The most consistently frustrating aspect of The Walking Dead isn't the sometimes painfully slow pace or the occasionally perplexing story detour -- anyone remember the Vatos? -- but rather the tendency for characters to behave a certain way simply because that's what the plot requires. The writers need the story to move from Point A to Point C, and come hell or high water it's going to get there. If that means Point B doesn't make a lot of sense, or we have to skip it entirely, so be it.
That's how we end up with Andrea as Shane Lite, Dale as the glaring Deducer of Secrets -- can anyone explain how he figured out Shane killed Otis? -- Beth in a catatonic state, and, as "Triggerfinger" opens, Lori trapped in a flipped car with a walker breathing down her neck. At the risk of retracing ground covered last week, there was no real reason for her to set out after Rick, Glenn and Hershel. Sure, Beth had developed a fever, but she was in no danger; in the end, Doc Greene only gave her a sedative.
On the plus side, Lori's Bogus Journey did demonstrate that she's capable of more than scowling, chastising and pining for her husband (although her desire to find Rick took precedence over the need to track down Hershel): Banged up, and possibly concussed, Lori still took out two walkers on her own. As satisfying as that moment is, though, it soon becomes clear it isn't the "real" reason -- the writers' reason --- for her ill-advised road trip.
Back at the farm, everyone suddenly realizes Lori is missing. Now, I understand Hershel probably owns several hundred acres, but how is it that none of the dozen or so people (except perhaps for the increasingly distant Daryl) knew she'd taken off in a car? (Granted, members of the Greene clan disappear for entire episodes; notice that Beth's boyfriend Jimmy isn't at her bedside. Maybe he fell down a well.) Naturally, Shane springs into action, and finds Lori walking along the road, determined to get to her husband. She's bruised and shaken, so Shane does what most anyone would do: He lies and tells her Rick is safe and sound so she'll return with him to the farm. It's a white lie, as Shane later rationalizes, but it's that act -- not the near-rape at the CDC, not the slaughter at the barn, not the irrational behavior, not the stalker-like overtures, not the assertions about the baby, not the constant criticism of Rick -- that finally turns Lori against him.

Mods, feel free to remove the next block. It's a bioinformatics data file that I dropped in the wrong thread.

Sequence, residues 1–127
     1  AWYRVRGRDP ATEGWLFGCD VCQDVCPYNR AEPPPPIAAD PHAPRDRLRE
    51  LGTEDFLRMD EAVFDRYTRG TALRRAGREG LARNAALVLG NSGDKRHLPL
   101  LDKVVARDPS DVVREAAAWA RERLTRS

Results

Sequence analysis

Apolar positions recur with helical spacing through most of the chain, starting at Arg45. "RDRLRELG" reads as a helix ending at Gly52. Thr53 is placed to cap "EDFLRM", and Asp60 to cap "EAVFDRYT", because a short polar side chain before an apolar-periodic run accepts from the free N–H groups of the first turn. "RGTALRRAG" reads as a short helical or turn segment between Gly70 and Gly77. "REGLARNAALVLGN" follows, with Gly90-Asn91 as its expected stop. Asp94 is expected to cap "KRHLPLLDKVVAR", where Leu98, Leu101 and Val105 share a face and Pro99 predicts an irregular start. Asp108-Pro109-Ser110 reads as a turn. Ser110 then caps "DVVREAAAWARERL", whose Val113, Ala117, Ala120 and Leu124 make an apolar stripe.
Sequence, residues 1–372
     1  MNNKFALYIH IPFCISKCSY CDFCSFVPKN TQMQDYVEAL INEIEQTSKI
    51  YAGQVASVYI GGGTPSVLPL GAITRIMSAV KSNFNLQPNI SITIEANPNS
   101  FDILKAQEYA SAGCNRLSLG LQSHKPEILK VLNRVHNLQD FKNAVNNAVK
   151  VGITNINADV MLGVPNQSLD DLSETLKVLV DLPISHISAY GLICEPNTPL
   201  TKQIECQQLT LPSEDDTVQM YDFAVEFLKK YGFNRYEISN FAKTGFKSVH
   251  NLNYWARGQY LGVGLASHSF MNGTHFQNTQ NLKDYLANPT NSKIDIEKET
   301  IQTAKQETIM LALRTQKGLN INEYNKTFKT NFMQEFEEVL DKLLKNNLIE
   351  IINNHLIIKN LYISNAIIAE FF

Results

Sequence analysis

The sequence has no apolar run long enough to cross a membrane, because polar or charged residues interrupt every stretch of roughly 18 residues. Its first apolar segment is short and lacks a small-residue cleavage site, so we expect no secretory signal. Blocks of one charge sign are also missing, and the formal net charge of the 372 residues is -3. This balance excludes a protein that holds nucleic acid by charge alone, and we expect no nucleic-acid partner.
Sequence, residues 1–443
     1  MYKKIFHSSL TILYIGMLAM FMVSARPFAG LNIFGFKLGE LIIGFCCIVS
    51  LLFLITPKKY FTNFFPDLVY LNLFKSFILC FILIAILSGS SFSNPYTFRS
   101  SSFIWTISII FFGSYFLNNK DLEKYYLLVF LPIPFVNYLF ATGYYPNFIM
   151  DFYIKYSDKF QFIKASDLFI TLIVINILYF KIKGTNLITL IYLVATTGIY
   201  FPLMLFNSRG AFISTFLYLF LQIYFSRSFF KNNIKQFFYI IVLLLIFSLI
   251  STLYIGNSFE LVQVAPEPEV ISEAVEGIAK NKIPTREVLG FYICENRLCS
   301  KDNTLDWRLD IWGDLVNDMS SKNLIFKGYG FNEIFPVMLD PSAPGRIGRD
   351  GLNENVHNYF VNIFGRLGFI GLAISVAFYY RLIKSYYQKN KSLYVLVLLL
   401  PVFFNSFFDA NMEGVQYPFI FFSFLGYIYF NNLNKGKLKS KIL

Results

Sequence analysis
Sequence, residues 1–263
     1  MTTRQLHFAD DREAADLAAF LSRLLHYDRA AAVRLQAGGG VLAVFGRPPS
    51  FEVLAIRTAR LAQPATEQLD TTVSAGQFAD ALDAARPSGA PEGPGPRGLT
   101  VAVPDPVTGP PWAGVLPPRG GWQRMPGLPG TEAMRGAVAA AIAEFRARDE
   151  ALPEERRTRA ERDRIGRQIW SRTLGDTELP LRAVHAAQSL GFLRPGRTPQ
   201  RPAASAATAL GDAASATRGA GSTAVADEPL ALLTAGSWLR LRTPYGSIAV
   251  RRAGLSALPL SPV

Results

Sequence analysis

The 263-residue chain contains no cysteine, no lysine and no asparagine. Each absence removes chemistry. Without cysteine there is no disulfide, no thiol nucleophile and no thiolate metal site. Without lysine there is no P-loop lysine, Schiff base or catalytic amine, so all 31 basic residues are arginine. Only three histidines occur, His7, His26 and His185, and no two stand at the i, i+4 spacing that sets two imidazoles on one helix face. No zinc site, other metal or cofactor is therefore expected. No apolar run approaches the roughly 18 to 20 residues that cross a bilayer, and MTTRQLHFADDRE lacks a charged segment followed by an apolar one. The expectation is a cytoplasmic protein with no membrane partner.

And that, it appears, is the entire reason for her misadventure. The resulting lie, as minor and excusable as it is, puts the final wedge between the former lovers. Why? Because the writers need to hasten Rick and Shane along on their collision course. So Lori, who only recently defended Shane for making the tough decisions and dismissed Dale's accusations about his role in Otis' death, now recognizes him as a threat to her family and the group.
We'll get back to that, though, because "Triggerfinger" does include some good moments -- hell, great moments -- easily among the best in the series. As you might expect, Rick's showdown with Philadelphia transplants Dave and Tony has repercussions, as the gunshots not only attract the two men's friends but also a swarm of walkers. The Western undertones of "Nebraska" are amplified here (note the poster for the Wild West show in the photo above) as Rick, Glenn and Hershel are pinned down in the bar, left to shoot their way out.
As tense as the scene is, it also reveals something about the three characters. After gunning down Tony and Dave out of a primal desire to protect what's his, Rick attempts to reason with their friends, saying, "Let's just chalk this up to what it was, wrong place, wrong --" before being cut off by gunfire. The seemingly pacifistic Hershel, meanwhile, is at peace with Rick's actions, and even demonstrates that he's handy with a gun, dropping the man who shoots at Glenn as the latter makes a run for their vehicle. And Glenn, with Maggie on his mind, freezes up.
We're given further insight when one of their assailants falls from a roof, impaling his leg on a wrought-iron fence only to be left behind by his friend as walkers pour into the area. During a frantic debate that bounces between shooting the young man and amputating his leg, Rick violently yanks the limb from the spike so they can flee just ahead of the zombie horde.
Returning to the farm with the blindfolded man (his name's Randall) the next morning, they spark another round of arguments, this time about the danger they bring with them -- one that only ends when Hershel, undoubtedly to the cheers of countless viewers, tells Shane to shut his mouth.
That leaves Andrea and Shane to sulk (again) like petulant teens about how they're misunderstood outsiders and, more importantly, Rick and Lori to have some time alone. However, what begins as an endearing scene of domesticity, with the sore spouses helping each other out of their shirts, turns into something darker, as Lori begins to manipulate her husband, using Rick's reservations about shooting the two men to her advantage. Revealing that Shane believes the baby is his, Lori insists he's dangerous, delusional and responsible for Otis' death. What's more, Shane believes he and Lori are meant to be together.
Draped over the back of a sitting Rick, she becomes the figurative devil on his shoulder, the literal voice in his ear, asking, "You killed the living to protect what's yours?" It's a chilling moment that marks a turning point for Lori. While she's never been a likeable character, the writers in the course of one episode have transformed her into Lady Macbeth, goading her husband -- a good man, she's repeatedly reminded everyone within earshot -- to commit murder. It's disturbing development from which there's no return: Even if Rick doesn't kill Shane, Lori will always be the person who tried to put him in the position to do so.
Grade: B+ (but only because the showdown at the bar is so good)